And finally - Welfare. To borrow from Merriam-Webster, welfare is “the state of doing well especially in respect to good fortune, happiness, well-being, or prosperity.” This state is something that requires a feeling of Safety and possession of Health to fully obtain, but something which is nonetheless the birthright of every person and something we must all work to make available.  The desire to promote the Welfare of members of the LGBTQ community, for example, is where the strongest possible opposition to Amendment One comes into play -- though I suppose it could be argued as well that Amendment One and the cynical and misdirected attack on many people of North Carolina it represents pose a threat to the safety and health of our fellow citizens as well.  On issues such as Amendment One, being an ally means, first, acknowledging privilege and then, second, demanding that said privilege be applied universally. 

As you might imagine, neither of those processes ever really takes place in a vacuum. Along those lines - I was just recently a part of a task force charged with examining the role of the LGBT Center in campus life and looking at how it serves the undergraduate, graduate, alumni, staff, and faculty communities at Duke. All I will say about that is, in being witness to the creation of the final report of the task force, I realized that as thankful as I may have been before for the existence of the Center, and Janie, and Jess, and the support staff, and the student workers, and the student leaders - I didn’t know nearly the half of just how important that space and – more than that – those people are to so many in the extended Duke community. They are working to build – and in some cases, re-build - lives. The resources of the center and the scholarly and vocational attainments of the staff are critical parts of fulfilling Duke’s Mission of…”attending not only to [students’] intellectual growth but also to their development as adults committed to high ethical standards and full participation as leaders in their communities…”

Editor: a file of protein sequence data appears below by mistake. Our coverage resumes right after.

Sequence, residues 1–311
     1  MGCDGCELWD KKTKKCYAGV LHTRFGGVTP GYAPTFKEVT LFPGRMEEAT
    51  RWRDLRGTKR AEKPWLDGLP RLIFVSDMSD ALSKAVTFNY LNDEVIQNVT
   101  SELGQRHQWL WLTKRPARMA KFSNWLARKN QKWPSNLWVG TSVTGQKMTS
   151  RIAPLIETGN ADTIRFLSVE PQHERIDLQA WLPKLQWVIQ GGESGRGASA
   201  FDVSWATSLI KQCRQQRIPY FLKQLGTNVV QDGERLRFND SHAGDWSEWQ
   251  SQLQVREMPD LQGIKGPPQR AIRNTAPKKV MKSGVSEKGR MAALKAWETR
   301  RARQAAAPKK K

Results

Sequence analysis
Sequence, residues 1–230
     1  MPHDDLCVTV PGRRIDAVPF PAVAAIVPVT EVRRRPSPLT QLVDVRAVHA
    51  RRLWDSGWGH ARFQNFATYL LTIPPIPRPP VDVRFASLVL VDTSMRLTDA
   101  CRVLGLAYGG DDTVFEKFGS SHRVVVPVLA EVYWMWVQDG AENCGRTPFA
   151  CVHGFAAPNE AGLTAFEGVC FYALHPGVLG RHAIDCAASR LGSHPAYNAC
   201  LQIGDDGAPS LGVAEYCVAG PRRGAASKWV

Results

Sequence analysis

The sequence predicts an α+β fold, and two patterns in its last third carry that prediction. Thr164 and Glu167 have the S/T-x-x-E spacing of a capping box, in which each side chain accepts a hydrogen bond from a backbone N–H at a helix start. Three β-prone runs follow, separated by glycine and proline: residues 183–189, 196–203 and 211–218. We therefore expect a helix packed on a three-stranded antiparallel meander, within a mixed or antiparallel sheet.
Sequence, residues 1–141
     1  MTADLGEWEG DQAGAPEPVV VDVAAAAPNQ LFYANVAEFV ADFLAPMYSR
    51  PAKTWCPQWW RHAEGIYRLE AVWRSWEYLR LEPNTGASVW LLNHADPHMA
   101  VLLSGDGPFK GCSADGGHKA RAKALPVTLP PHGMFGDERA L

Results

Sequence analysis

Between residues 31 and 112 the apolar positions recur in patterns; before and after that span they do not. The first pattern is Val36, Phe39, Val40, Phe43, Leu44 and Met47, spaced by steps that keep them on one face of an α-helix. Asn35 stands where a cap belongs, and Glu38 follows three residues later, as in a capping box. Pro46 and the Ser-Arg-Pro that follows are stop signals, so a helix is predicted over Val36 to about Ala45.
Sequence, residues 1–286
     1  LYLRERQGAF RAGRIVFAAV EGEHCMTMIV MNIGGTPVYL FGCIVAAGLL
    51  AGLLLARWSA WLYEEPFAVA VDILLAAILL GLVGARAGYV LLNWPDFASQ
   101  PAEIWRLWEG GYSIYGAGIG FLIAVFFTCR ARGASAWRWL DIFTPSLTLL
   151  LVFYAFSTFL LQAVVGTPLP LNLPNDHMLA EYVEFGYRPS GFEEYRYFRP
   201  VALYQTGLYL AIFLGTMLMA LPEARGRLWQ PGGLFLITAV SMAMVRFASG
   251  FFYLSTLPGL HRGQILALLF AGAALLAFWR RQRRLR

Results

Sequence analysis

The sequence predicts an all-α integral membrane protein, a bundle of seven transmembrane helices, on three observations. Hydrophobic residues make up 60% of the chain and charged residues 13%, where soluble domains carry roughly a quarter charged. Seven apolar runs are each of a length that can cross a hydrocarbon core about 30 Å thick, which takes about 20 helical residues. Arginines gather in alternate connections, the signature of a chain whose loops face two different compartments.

I better stop there (ask my students – I’m a rambler). Though I have to throw in one last thing - with early decisions out, and with Blue Devil Days and regular decisions fast approaching, I do find myself thinking about the Class of 2016. So to both the prospective future fellow alums and to those of you already here, I will say that from all I have learned over the past year especially, there’s one thing I want you to know. And that is that this is a place with a good many people who are deeply committed to holding paramount your safety, your health, and your welfare as a fundamental canon of being a part of the Duke Family.


  1. So I'm expecting a guest appearance at Lav Ball, Dr. G. Please?

  2. We are so, so endlessly fortunate to have you writing for us here! And for your active existence at Duke. So grateful! Also ramblers are preferable to those who don't say anything. ALSO iambic pentameter just brought back some serious nostalgia for high school english. I am impressed by your skills.

  3. @9:40 - alas! T'was the same time as the Engineering Ball...

    @8:26 - thank you so much for this. And glad I could take you back to the glorious days of HS :)